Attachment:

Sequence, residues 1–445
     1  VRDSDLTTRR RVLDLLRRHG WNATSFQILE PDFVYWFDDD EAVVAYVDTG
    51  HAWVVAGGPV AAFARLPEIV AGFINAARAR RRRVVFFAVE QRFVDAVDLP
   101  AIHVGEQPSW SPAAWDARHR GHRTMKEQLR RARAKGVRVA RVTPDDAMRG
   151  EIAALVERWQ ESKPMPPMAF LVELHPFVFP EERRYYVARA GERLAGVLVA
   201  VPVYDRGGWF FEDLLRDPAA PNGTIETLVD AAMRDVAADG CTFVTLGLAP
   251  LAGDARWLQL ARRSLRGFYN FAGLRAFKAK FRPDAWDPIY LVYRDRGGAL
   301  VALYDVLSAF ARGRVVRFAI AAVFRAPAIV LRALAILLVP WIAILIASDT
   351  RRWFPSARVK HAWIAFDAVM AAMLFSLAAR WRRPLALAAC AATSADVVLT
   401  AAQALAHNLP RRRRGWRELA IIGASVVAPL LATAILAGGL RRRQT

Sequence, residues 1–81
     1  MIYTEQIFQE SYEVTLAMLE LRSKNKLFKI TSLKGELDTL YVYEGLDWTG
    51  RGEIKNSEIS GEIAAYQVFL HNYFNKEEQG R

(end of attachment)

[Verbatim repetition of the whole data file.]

Sequence, residues 1–445
     1  VRDSDLTTRR RVLDLLRRHG WNATSFQILE PDFVYWFDDD EAVVAYVDTG
    51  HAWVVAGGPV AAFARLPEIV AGFINAARAR RRRVVFFAVE QRFVDAVDLP
   101  AIHVGEQPSW SPAAWDARHR GHRTMKEQLR RARAKGVRVA RVTPDDAMRG
   151  EIAALVERWQ ESKPMPPMAF LVELHPFVFP EERRYYVARA GERLAGVLVA
   201  VPVYDRGGWF FEDLLRDPAA PNGTIETLVD AAMRDVAADG CTFVTLGLAP
   251  LAGDARWLQL ARRSLRGFYN FAGLRAFKAK FRPDAWDPIY LVYRDRGGAL
   301  VALYDVLSAF ARGRVVRFAI AAVFRAPAIV LRALAILLVP WIAILIASDT
   351  RRWFPSARVK HAWIAFDAVM AAMLFSLAAR WRRPLALAAC AATSADVVLT
   401  AAQALAHNLP RRRRGWRELA IIGASVVAPL LATAILAGGL RRRQT

Sequence, residues 1–81
     1  MIYTEQIFQE SYEVTLAMLE LRSKNKLFKI TSLKGELDTL YVYEGLDWTG
    51  RGEIKNSEIS GEIAAYQVFL HNYFNKEEQG R